• Showcase your [heated] outdoor seating: with tightening restrictions on indoor seating, it might be all you have! Customers will appreciate the care you’ve taken to address their safety and provide some level of normalcy for their night out.
  • Capture guests at take-out: with permission, take photos of guests picking up a call-ahead or online order. Take care to show where they enter and exit the tasting room, how lines are spaced and the team member handoff. The same is true for curbside or [local] delivery.
  • Celebrate charities and volunteerism: show you stand for something by highlighting team member efforts to give back to the community or protect the environment. If there is a donation component, provide guests with a pathway to participate.
  • Support local: this is one of those times where sharing the love with other craft producers is perfectly in-bounds. Post photos of visiting local tasting rooms other than your own and spread the spirit of craft with your followers. Using @handles in your posts will also organically expose your goodwill to a larger craft audience.
  • Throw a contest: ask fans and followers to post photos enjoying your craft beverage as a part of their new-normal lives (at home, on a hike or elsewhere).

The craft community is resilient, and our goal is for your craft beverage brand to be first on the list when customers are comfortable drinking out again. Check out ways to work smarter, not harder, in our guide, available for purchase and immediate download.

driving sales

New wine release photo for social shortfall postUnder normal conditions, your sales cycle and seasonal spikes or dips may have been more predictable. Not the case in 2020! You need heavy promotion to be top-of-mind for customers this December. Make it an easy decision for guests to choose you over your competitors by pushing sales opportunities via social channels. When sprinkled-in with your other awareness and engagement posts, this serves as a reminder that you’re still open for business (and welcome the local support):

  • Announce new/seasonal releases: chances are you’ve altered the production schedule a number of times this year, but you’re still sitting on inventory that needs to move. Create mini “release events” that build buzz among your fans and followers and drive [to-go] sales.
  • Highlight online ordering: where allowed, web pre-order provides a safe and virtually contactless form of buying craft beverage. Not yet selling online? Let’s talk!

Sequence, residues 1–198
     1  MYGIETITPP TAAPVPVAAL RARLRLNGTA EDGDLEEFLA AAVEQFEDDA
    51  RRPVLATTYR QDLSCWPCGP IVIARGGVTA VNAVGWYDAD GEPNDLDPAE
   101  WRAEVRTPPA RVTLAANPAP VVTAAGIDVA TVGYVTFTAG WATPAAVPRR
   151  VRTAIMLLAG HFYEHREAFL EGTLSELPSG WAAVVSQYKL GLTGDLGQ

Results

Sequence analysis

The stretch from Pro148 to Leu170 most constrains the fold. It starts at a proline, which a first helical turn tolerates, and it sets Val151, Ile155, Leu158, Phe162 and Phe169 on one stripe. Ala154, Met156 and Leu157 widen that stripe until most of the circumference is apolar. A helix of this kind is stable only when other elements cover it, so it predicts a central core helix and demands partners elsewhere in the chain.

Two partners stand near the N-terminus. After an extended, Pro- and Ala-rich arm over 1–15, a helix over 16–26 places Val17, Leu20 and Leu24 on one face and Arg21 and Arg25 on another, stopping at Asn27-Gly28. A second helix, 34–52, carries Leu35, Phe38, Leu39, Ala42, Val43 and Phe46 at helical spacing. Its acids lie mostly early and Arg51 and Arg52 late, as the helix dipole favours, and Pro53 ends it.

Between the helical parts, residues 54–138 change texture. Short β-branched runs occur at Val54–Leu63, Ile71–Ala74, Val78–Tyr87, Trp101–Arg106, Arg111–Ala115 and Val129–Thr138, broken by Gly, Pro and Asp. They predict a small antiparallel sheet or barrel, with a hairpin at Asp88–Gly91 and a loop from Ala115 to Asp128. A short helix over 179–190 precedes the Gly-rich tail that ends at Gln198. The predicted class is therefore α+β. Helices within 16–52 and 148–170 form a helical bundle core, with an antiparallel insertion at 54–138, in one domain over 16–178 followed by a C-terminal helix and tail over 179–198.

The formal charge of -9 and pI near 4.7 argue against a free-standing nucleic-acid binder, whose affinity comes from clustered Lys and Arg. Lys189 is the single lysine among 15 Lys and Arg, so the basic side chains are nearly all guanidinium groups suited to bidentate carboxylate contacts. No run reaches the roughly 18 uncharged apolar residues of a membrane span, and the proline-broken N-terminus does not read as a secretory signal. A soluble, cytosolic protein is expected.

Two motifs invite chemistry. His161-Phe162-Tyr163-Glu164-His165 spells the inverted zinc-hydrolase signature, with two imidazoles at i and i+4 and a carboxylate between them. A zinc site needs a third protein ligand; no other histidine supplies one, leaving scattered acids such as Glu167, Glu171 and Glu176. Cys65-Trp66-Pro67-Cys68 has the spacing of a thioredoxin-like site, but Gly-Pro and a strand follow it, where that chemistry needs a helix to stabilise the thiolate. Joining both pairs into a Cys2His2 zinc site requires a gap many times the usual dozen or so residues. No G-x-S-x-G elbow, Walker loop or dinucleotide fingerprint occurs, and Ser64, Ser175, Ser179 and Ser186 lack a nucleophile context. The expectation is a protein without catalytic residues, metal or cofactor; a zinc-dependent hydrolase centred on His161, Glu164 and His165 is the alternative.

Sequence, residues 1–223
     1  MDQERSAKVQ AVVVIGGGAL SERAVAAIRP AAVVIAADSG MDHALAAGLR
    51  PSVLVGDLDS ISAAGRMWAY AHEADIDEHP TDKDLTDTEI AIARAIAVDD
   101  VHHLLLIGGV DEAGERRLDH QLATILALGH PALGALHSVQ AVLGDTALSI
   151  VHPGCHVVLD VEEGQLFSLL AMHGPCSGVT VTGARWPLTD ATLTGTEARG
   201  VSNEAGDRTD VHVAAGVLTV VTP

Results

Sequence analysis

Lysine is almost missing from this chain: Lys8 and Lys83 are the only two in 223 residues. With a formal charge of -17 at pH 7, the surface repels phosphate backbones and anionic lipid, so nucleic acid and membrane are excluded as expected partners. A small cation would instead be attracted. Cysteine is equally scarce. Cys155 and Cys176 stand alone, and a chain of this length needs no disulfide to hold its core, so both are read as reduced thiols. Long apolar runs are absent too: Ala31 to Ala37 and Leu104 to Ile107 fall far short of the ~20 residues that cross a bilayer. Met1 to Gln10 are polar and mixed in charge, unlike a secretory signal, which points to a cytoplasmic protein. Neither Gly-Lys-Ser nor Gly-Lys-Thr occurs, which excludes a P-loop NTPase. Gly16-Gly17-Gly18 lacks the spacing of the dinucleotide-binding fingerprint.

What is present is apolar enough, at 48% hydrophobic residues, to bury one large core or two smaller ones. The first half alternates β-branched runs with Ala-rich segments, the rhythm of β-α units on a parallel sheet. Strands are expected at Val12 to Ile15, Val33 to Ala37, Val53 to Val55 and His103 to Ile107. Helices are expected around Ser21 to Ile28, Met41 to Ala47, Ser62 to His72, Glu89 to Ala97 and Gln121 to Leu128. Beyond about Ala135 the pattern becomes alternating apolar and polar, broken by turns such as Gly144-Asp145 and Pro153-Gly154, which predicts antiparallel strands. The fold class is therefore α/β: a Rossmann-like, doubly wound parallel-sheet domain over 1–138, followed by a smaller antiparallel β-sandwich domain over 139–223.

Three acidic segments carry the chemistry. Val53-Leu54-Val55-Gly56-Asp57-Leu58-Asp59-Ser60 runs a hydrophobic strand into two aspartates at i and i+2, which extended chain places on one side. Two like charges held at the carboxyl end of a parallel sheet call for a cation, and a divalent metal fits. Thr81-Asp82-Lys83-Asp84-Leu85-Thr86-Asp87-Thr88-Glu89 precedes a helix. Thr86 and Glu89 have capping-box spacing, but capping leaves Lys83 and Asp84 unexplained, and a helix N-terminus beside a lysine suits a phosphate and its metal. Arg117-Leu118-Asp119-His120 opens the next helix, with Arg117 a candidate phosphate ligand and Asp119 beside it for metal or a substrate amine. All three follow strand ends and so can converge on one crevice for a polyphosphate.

• Display merchandise: using social channels to show [masked] team members wearing your t-shirts, hoodies and hats in a great way to move merchandise. Consider holiday gift bundles or discounts for extra punch.
  • Identify new points of distribution: if you are able to share information about new retail shelf space you’ve secured, now is the time to do so. A product locator on your website could also help get craft beverage into customers’ hands.
  • Share a responsible drinking message: always a best practice around the holidays to remind drinkers that it’s not worth it to drink alcohol and drive.

Be sure your operating hours are updated on, social channels, Google My Business, Yelp and other digital properties. And don’t forget your tasting room voicemail! Now would also be a good time to review and update your COVID-19 Procedures webpage.

engaging your social channels

Engaging your Social Channels guide imageMany craft beverage brands miss opportunities to convert followers to customers on social because posts are uninspired, inconsistent or irrelevant. To help your business and others, we’ve designed a guide with proven marketing tools to empower your team during COVID-19:

  • Define your strategy
  • Develop content worth sharing
  • Design calendars
  • Start listening!
  • Build engagement
  • Track performance
  • And more!

Purchase the guide for $99 and get a one (1) hour review of your social media efforts with one of our storytelling experts. Sharpen your focus on customer needs and keep fans engaged during the pandemic.